In Estonia, to date only the rules under the Directive regulating incoming AIFMs have been implemented. The rest of the Directive will be implemented by the new Estonian Investment Funds Act (IFA). The draft of the new IFA is still being prepared, so that uncertainty exists as to future regulation. Based on the preliminary draft it is likely that the new IFA will set an authorisation requirement for all Directives managing funds organised as pools of assets or public limited companies, not dependent on the size of assets under management. A three tier system will be introduced, under which AIFMs authorised under the Directive will be most regulated and supervised. The second tier will comprise smaller Directives managing investment funds organised as pools of assets or public limited companies, which will be subject to a lighter authorisation requirement and some supervision. In addition, as the third tier the new IFA will recognise and allow the existence of investment funds not organised as pools of assets or public limited companies (eg investment funds organised as limited partnerships (in Estonian: usaldusühing)), unlike the current regulation. The new IFA will not regulate such funds but will establish a registration requirement for their managers.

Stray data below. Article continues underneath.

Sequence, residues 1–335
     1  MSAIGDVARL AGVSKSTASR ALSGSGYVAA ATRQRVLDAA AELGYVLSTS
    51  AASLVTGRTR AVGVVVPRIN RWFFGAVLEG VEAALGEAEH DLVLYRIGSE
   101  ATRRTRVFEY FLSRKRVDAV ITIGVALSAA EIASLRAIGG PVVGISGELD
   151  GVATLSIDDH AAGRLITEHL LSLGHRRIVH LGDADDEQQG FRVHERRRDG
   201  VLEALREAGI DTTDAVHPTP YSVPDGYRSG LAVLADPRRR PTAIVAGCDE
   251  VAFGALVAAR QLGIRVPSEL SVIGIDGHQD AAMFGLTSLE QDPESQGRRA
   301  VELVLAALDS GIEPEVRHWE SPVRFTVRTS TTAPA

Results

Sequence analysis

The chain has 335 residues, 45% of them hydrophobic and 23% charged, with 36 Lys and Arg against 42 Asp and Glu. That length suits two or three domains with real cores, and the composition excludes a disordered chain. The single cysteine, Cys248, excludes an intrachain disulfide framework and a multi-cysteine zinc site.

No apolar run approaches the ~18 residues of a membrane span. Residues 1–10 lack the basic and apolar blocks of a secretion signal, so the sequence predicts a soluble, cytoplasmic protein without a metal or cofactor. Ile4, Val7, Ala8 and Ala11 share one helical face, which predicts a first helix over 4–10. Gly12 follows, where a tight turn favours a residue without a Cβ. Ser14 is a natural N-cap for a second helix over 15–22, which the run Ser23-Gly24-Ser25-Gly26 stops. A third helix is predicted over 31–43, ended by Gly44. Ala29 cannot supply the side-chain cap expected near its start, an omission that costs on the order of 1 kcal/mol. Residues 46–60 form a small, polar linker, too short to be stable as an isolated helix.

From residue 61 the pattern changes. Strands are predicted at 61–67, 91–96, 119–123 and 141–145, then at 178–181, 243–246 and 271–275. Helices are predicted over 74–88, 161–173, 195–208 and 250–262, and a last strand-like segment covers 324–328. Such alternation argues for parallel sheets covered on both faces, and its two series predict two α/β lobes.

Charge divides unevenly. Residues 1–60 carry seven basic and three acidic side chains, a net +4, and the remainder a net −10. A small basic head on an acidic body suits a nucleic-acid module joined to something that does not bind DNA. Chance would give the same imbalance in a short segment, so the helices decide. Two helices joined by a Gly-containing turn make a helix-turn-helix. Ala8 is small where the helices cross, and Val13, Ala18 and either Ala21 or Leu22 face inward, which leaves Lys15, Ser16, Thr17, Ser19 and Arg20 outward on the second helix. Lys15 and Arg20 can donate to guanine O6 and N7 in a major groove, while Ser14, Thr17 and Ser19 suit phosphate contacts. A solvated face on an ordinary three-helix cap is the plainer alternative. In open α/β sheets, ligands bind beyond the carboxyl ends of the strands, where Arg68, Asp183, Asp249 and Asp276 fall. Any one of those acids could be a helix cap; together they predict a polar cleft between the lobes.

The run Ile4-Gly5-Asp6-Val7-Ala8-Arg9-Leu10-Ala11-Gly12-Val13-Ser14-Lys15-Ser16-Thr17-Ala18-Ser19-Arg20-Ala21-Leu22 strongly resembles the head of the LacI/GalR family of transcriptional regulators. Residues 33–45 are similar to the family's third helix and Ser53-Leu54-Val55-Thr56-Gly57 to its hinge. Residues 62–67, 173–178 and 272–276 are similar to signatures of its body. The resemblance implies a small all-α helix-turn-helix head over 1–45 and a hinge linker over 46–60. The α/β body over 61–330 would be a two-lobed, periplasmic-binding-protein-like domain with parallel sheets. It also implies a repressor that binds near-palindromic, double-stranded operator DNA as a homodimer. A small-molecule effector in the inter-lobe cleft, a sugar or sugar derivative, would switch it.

The Directive has not yet been implemented in Lithuania. However, a draft law implementing the Directive has been delivered to the Lithuanian Parliament. On the other hand, the Lithuanian Parliament adopted the Law on Collective Investment Undertakings for Informed Investors on 18 June 2013 (in force as of 1 July 2013). Legal regulation of alternative collective investment undertakings for informed investors (investors who meet certain criteria) was established under this law, which is both liberal and conforms with international practice of regulation of alternative collective investment undertakings.